Tape: 4 Story: 7 - James Earl Reid talks about working as an assistant to Pierre du Fayette in Columbia, Maryland

Tape: 4 Story: 8 - James Earl Reid describes attending graduate school at the University of Maryland in College Park, Maryland

Tape: 5 Story: 1 - James Earl Reid talks about art critics and consumers

Tape: 5 Story: 2 - James Earl Reid talks about contemporary black artists

Tape: 5 Story: 3 - James Earl Reid talks about the inspiration for his 1972 piece, Portrait of the Artist as the Young Man, pt. 1

Tape: 5 Story: 4 - James Earl Reid talks about the inspiration for his 1972 piece, Portrait of the Artist as the Young Man, pt. 2

Tape: 5 Story: 5 - James Earl Reid remembers the assassination of Reverend Dr. Martin Luther King, Jr.

Tape: 5 Story: 6 - James Earl Reid talks about his artwork dedicated to Reverend Dr. Martin Luther King, Jr.

Tape: 5 Story: 7 - James Earl Reid talks about teaching at the University of Maryland at College Park

Tape: 5 Story: 8 - James Earl Reid describes teaching at various colleges

Tape: 6 Story: 1 - James Earl Reid talks about being commissioned to sculpt Billie Holiday in Baltimore, Maryland

Tape: 6 Story: 2 - James Earl Reid describes his 1979 sculptures of Billie Holiday, pt. 1

Tape: 6 Story: 3 - James Earl Reid describes his 1979 sculptures of Billie Holiday, pt. 2

Tape: 6 Story: 4 - James Earl Reid describes how elements of his Billie Holiday sculptures were excluded

Tape: 6 Story: 5 - James Earl Reid describes his art piece, Third World America

Tape: 6 Story: 6 - James Earl Reid talks about his copyright disagreement over Third World America

Tape: 6 Story: 7 - James Earl Reid talks about the 1989 U.S. Supreme Court case, Community for Creative Non-Violence v. Reid

Tape: 7 Story: 1 - James Earl Reid talks about his activism

Tape: 7 Story: 2 - James Earl Reid reflects upon his legal battle over Third World America

Tape: 7 Story: 3 - James Earl Reid describes how the 1989 Supreme Court case, Community for Creative Non-Violence v. Reid impacted him

Tape: 7 Story: 4 - James Earl Reid describes his hopes and concerns for the black community

Tape: 7 Story: 5 - James Earl Reid comments on art featuring black historical figures

Tape: 7 Story: 6 - James Earl Reid expresses his regrets

Tape: 7 Story: 7 - James Earl Reid talks about his children

Tape: 7 Story: 8 - James Earl Reid reflects upon his legacy

Tape: 7 Story: 9 - James Earl Reid reflects upon his artistry

Tape: 8 Story: 1 - James Earl Reid narrates his photographs, pt. 1

Tape: 8 Story: 2 - James Earl Reid narrates his photographs, pt. 2

DASession

2$2

DATape

6$6

DAStory

5$7

DATitle
James Earl Reid describes his art piece, Third World America
James Earl Reid talks about the 1989 U.S. Supreme Court case, Community for Creative Non-Violence v. Reid
Transcript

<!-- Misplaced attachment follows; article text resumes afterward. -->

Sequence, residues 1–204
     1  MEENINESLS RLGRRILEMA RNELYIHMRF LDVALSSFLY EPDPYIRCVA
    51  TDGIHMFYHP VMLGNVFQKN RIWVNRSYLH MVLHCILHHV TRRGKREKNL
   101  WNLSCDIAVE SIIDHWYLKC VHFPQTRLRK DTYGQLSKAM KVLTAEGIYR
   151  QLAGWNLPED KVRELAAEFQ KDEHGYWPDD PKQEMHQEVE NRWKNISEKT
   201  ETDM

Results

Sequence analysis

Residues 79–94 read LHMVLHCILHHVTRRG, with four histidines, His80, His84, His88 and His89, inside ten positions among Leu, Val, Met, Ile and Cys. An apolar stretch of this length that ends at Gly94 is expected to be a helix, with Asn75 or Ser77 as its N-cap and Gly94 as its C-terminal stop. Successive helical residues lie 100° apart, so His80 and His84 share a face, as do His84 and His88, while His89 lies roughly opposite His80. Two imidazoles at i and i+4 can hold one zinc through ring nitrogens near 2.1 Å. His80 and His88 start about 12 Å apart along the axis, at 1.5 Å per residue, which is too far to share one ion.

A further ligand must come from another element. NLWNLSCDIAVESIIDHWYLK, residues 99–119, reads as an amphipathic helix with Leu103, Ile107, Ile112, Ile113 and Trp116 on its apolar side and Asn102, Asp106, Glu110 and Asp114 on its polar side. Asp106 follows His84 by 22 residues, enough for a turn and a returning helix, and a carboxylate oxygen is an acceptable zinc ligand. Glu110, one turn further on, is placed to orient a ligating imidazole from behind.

Now that [his art piece, Third World America] was commissioned by an organization that has done a lot to put forth the plight of the homeless and the--to politicians to, to try to gain public support to do something about them.$$Yeah, to do something about this, about the situation. This is in 1985 when I think the homeless issue had been probably, you know, pushing towards the forefront as, as something of great concern within the national conscious of the American people and you know, so had it probably coming forth about two years prior to 1985 when I created this work, but in, right at the time when I was about to throw down as I said suing the City of Baltimore [Maryland] I got a call from Mitch Snyder who's the advocate for the homeless in, in Washington D.C., who had been fasting, etc., and you know to get rights for the poor and the homeless, and rights and benefits for the poor and the homeless, and so they had an issue which basically was a political issue that they wanted to assist in my assistance on help resolving and that is in creating this modern (unclear) or contemporary nativity scene that depicted a, openly depicted a black homeless family on a steam grate, which is a characteristic image of the homeless in Washington, D.C. 'cause they, they habitated on steam grates. And because I had seen a scene of a, not only the homeless living in Baltimore, but also of a homeless, young homeless girl cohabitating with the homeless underneath the Jones Falls Expressway Bridge a half a block or so from my studio. And she was walking around there with a baby in her arm and there were people--before I saw her there were people standing up above looking down below and pointing at this girl walking with this baby and of course I stepped up and looked at the scene and there it was I saw something, you know, with the power and interest in terms of subject matter that I basically as an artist just filed away for the future, not really thinking that I would be engaged to do a contemporary nativity scene that was derivative of the original, well the homeless family of, of Mary, Joseph, and the Christ child, you know, you know in their nativity scene and this would be viewed as contemporary nativity scene using the homeless, a black homeless family as the, as the primary subject matter. So, this young black girl that I saw with a baby really was a, an authentic catalyst for, for this, for my saying yes, I mean like that is, that is what I like to do. That's why, you know, so I agreed to doing this, to doing this homeless monument at cost, which supposed to have cost about 15, estimated at 15,000 dollar, but ultimately cost 19,500 dollars, 4,500 dollars of it came out of my own pocket. But, I created this work to highlight the plight of homelessness in America.$$Okay, and they, they paid you the money. There was a certain, there was a schedule right of when to be finished with certain parts of it and they, and they paid you on schedule as per a verbal agreement I read.$$Yes.$$$And, so, you know, this got into, evolved in a very contested battle between them and I, which basically it affronted the good original of the original intent of our alliance in getting together.$$So they supposed that they should be able to just sell these representations of the work and not given anything back.$$Well, the iss--$$That they owned it.$$Yeah, they, they owned it. They had absolute power and control and, you know, I have, would have no say in it, and that's what they, ultimately that's what they strived for, but they didn't know what they were doing. They were allying themselves with major corporation in a major corporation dispute that in terms of cop, copyright law and a work-for-hire and they tried to con, construct a case based on the Alden Decision in copyright law which said that the commission party was the author based on the fact that it was a work-for-hire. Well, my case was not a work-for-hire. I was not, I was an independent contractor, which was ultimately decided by the Supreme Court of the United States.$$They paid you no benefits, they didn't pay you any taxes or anything on your salary for that? There was no salary it was just--you were paid straight up as a contractor?$$Right, and so they-the important fact is I was not their employee. If I were their employee, if I could be construed, which they tried to fabricate that I was their employee, then they would own the copyright outright. They wouldn't have to share with me or whatever at all or they would have full control of it. And that, that kind of position as I said aligned them with major corporations who wanted to assume that same kind of position of authority over and control over independent contractors, and that, that issue just so happened was, you know, moving to the forefront by, by other decisions besides the Alden Decision as a matter to be decided before the Supreme Court of the United States and interestingly enough the case CCNV v. Reid and the gang I wanna point out they were the protagonist or antagonist, I was simply defending myself in carrying the issue forward all the way to the Supreme Court, defending myself, defending my rights in the work that I knew that I had, but somehow was arrested from me initially in the lower court who ruled that it was a work-for-hire, which is pure fictional, you know, again that was based on the fact that they used the Alden Decision and the Alden Decision argument, but ultimately I prevailed, prevailed through the Appellate Court and prevailed through the Supreme Court of the United States. And what I wanna bring into play right here is that the fact is what I'm very proud of is that Thurgood Marshall wrote the opinion, you know, and that connects me with, you know, in depth with one of my great heroes and our, you know, great heroes in the black community.$$Yeah, and it's also a landmark decision for artists and writers and other creative people all over the world.$$Exactly.